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Evolution of the human brain: when bigger is better
I said much the same thing in my article on the Yas Om. They are in fact slower thinkers than a typical Superior, but benefit from being able to consider things from a truly huge number of different perspectives at once to compensate. In fact, their incredible multitasking and mental flexibility make them resemble a Superturing AI rather than any kind of normal biont.

But the Yas Om have a brain that was designed from the ground up to be decentralised, so it scales much better with increasing mass than a human brain would. The Highbrows, on the other hand, would face additional challenges other than just worse latency.

I don't know how much of the linked article you read, but there's a chart (click HERE) describing how the subcortical volume begins decreasing as a percentage of total brain volume with increasing size. In other words, areas like the hippocampus, crucial for memory formation, and the amygdala, involved in the subjective experience of emotions, would shrink in proportion to the rest of the brain as it increased in size.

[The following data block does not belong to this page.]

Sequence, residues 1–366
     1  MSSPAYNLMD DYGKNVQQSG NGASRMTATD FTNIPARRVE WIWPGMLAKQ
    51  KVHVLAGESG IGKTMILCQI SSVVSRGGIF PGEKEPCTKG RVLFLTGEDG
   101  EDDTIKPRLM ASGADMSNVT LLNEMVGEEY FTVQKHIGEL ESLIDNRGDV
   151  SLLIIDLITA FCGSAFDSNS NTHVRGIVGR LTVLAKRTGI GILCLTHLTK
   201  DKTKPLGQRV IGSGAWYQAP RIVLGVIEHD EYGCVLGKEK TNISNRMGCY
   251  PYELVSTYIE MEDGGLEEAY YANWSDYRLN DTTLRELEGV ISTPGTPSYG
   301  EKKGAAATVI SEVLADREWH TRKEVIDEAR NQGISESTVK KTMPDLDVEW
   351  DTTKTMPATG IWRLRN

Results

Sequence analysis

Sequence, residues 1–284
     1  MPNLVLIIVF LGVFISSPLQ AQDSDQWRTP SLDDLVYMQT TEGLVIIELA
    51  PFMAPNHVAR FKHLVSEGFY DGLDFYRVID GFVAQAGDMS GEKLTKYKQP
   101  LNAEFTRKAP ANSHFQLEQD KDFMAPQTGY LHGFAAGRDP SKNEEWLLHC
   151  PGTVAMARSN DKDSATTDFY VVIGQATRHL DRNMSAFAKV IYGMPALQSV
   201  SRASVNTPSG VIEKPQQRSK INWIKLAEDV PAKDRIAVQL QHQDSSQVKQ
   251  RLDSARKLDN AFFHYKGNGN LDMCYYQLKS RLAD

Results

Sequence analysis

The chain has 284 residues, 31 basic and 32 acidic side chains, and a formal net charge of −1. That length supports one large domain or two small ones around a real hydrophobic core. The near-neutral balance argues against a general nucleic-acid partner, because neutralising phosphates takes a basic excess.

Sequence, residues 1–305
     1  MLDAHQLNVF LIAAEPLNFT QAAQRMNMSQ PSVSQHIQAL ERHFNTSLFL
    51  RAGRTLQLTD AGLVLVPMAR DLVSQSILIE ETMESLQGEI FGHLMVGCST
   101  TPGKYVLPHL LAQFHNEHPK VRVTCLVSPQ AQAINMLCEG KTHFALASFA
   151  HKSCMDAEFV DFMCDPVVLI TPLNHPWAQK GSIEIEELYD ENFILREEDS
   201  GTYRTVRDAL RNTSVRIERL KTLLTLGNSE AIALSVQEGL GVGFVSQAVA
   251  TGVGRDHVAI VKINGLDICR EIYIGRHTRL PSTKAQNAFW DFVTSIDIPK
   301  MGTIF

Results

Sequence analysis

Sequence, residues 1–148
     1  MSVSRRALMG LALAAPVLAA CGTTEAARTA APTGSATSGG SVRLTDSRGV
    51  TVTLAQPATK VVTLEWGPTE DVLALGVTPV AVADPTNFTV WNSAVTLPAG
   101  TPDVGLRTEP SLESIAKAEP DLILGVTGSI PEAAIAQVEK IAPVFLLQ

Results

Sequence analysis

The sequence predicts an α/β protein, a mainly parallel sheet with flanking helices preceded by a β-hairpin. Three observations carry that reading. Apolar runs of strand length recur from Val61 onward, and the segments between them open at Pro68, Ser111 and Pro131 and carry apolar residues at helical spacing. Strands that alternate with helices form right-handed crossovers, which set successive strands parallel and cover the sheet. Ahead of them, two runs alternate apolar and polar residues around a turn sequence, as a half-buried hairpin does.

These issues could have serious consequences for a being with a 14 kg brain. Consider that at just 9kg, the brain would consist entirely of white and grey matter, with no subcortical areas at all! So no amygdala, hippocampus, etc. Of course this could be managed with cybernetic implants, but presumably a being that cultivated such a massive brain would prefer to be able to rely on their biological tissue alone. After all, they must have a bioist outlook or they would simply have become uploads and could scale to as much 'brain tissue' (i.e. drytech computronium) as they pleased.

Whales and elephants wouldn't encounter these problems as their brains have a different structure. Much larger proportions of their brains are devoted to the cerebellum as a consequence of having such a massive body to manipulate.

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RE: Evolution of the human brain: when bigger is better - by extherian - 08-19-2018, 08:34 PM

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